PromptPay a game changer, says Citi

PromptPay a game changer, says Citi

Technology changes the customer journey, writes Chiratas Nivatpumin

Mr O'Neill says succeeding in the face of disruption requires many stakeholders within an organisation to be engaged. Chanat Katanyu
Mr O'Neill says succeeding in the face of disruption requires many stakeholders within an organisation to be engaged. Chanat Katanyu

New payment technologies such as PromptPay have had a profound effect in reducing operating costs for businesses and spurring the growth of e-commerce in recent years.

Yet the bigger impact is in how companies are using instant payments to improve their customer experience, said Patrick O'Neill, Citi's Thailand country head for treasury and trade solutions.

He said PromptPay, with 50 million registered users, has been a huge success for Thailand and can act as a "game changer" in how companies transact with customers.

"The concept of eliminating friction points in the client journey is a very powerful and effective way to drive business growth," Mr O'Neill said in an interview with the Bangkok Post.

"With new technology and payments, the number of ways you can reduce those friction points is increasing. Companies can now employ a lot of new ideas on where they engage with their customers."

He said when Uber entered the taxi market in San Francisco, the intent was not only to gain market share, but create a new experience.

"Within four years, revenue from San Francisco was a multiple of the original size of the taxi market in the city. What Uber was able to do was look at the end-to-end problem of moving people and think about how to reduce friction points throughout the process," said Mr O'Neill.

Traditional models such as cash-on-delivery or cash-over-the-counter each impose restrictions on both buyers and sellers, compared with instant payments where payment is made at the time of transaction.

He said in Asia, where credit card usage is relatively low compared with Europe or North America, instant payment also helps increase consumer access to the marketplace.

"You may not have a credit card or even a bank account. But you can have a digital wallet," said Mr O'Neill.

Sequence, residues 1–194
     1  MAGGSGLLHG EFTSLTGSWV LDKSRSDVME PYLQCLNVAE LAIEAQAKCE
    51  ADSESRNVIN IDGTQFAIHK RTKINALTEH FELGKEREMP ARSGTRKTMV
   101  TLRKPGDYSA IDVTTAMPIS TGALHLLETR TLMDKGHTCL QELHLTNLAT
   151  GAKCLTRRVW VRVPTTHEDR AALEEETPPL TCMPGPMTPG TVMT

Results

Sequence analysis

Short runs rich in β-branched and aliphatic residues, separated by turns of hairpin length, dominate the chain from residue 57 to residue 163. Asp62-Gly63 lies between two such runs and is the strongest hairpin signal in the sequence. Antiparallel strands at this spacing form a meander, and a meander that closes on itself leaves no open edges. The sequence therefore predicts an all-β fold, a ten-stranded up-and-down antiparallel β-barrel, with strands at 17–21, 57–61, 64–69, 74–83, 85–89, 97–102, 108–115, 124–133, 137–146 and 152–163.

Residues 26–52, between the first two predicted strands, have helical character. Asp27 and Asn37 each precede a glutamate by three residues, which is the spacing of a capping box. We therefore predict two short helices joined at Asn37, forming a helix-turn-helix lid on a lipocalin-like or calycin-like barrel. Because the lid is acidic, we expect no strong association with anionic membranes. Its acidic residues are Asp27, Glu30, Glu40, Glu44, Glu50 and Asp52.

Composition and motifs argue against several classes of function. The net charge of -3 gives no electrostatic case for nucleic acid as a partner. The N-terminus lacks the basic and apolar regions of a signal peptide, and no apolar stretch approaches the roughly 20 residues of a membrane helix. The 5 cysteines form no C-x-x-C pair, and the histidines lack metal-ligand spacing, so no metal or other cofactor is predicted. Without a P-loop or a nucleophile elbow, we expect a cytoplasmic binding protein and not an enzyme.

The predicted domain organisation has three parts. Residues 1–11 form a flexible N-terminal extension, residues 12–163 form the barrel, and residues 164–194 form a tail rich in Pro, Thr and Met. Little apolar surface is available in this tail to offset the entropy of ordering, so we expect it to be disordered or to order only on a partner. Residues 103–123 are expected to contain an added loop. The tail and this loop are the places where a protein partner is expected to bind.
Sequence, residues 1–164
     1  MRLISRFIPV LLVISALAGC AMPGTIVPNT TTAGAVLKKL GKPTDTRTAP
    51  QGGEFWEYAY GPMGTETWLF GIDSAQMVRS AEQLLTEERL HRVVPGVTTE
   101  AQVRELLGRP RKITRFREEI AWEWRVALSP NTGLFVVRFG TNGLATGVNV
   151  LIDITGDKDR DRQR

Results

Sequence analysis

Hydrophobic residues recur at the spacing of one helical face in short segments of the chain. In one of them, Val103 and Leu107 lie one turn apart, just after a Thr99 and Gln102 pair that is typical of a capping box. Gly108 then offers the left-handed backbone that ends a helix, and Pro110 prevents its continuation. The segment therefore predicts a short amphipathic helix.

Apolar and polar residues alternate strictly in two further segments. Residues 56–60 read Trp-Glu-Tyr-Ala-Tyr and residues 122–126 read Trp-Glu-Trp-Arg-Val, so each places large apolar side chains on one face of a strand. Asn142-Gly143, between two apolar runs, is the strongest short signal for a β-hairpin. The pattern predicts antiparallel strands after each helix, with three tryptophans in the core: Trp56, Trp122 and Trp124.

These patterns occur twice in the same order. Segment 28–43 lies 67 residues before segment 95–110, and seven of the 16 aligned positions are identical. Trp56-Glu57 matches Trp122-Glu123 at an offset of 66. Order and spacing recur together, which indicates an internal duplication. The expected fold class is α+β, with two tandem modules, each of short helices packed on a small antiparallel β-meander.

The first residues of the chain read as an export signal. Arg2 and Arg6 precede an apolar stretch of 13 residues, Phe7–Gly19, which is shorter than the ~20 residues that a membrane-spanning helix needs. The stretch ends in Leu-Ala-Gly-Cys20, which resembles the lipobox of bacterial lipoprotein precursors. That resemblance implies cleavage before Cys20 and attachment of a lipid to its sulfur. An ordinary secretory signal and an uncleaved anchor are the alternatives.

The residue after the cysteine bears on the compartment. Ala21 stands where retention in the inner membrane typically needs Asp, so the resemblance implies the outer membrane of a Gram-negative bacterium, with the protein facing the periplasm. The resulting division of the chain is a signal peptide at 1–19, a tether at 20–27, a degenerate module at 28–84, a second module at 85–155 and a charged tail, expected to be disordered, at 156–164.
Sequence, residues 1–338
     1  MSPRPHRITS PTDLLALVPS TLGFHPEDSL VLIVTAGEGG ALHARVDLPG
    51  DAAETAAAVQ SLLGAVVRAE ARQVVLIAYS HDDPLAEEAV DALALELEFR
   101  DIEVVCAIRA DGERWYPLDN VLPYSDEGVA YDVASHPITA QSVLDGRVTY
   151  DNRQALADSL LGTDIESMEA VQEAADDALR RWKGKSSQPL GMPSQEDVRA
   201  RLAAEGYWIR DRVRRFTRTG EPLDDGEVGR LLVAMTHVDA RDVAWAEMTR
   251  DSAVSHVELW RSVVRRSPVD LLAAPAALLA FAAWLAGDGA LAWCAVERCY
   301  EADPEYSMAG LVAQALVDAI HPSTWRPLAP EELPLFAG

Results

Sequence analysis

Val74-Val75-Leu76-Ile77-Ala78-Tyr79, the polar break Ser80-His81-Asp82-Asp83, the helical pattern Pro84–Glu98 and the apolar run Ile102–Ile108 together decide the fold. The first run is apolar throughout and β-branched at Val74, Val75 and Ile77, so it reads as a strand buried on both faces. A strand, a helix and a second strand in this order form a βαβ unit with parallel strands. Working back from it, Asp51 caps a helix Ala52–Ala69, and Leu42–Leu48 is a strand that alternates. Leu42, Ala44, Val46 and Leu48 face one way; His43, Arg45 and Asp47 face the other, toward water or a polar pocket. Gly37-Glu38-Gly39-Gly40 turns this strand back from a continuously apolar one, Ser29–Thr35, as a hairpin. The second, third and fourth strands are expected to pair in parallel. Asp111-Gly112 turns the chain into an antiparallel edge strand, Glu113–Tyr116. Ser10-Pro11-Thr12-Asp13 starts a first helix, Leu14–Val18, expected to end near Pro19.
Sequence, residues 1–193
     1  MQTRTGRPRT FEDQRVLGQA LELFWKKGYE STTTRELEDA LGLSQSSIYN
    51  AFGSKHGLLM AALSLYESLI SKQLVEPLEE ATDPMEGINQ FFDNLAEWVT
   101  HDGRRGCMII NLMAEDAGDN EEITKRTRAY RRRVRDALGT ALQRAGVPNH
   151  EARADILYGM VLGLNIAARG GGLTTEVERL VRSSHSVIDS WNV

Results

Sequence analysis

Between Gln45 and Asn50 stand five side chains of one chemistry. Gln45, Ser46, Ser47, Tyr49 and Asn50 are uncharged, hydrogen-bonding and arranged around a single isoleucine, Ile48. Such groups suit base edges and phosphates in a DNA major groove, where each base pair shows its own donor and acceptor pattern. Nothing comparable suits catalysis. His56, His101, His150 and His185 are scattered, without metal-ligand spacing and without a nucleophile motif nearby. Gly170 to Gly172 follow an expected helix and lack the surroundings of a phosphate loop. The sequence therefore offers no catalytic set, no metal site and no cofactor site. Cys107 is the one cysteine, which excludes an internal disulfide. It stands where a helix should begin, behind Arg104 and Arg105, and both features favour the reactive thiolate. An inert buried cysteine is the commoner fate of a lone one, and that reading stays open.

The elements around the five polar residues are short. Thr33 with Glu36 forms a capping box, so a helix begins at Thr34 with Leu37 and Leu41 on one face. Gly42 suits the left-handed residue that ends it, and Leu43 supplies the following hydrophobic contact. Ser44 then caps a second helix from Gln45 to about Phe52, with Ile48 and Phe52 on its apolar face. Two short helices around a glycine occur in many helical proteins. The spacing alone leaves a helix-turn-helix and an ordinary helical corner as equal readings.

The Bank of Thailand's decision to use an open architecture standardised QR code has also helped the market grow quickly, as any digital wallet or banking application can be used to make payment by scanning a QR code.

"In terms of technology adoption, Thailand by certain measures can be considered a global leader," he said, pointing to metrics such as transactions though e-commerce or mobile platforms or average time spent online.

But while consumers have been quick to embrace PromptPay, companies have been slower in adoption, in part due to legacy issues and security concerns.

Mr O'Neill said to help customers, Citi has adopted more of a facilitator role to help clients understand, plan and adopt new technologies.

"Many times, banks traditionally work with finance and treasury departments. But we find that as we have these new tools, they have a much greater impact on the customer journey of our clients," he said.

Using concepts developed through Citi's Asia innovation lab, the bank organises design-driven workshops with clients to help draw different functions across a customer's organisation, helping map out how technology such as instant payments can improve their customers' experience.

"It is about how to design a better end-to-end journey that the finance team is happy with, that the sales team is happy with, that the IT team is comfortable with and that operations is comfortable with," Mr O'Neill said.

"To succeed in the face of disruption requires many stakeholders within an organisation to be engaged on improving their customer's journey."

He is optimistic that over the next 18 months, greater corporate adoption of new payments tools will push forward growth.

"We don't yet see customer expectations for instant payments [with vendors]. But this will come with more adoption," said Mr O'Neill.


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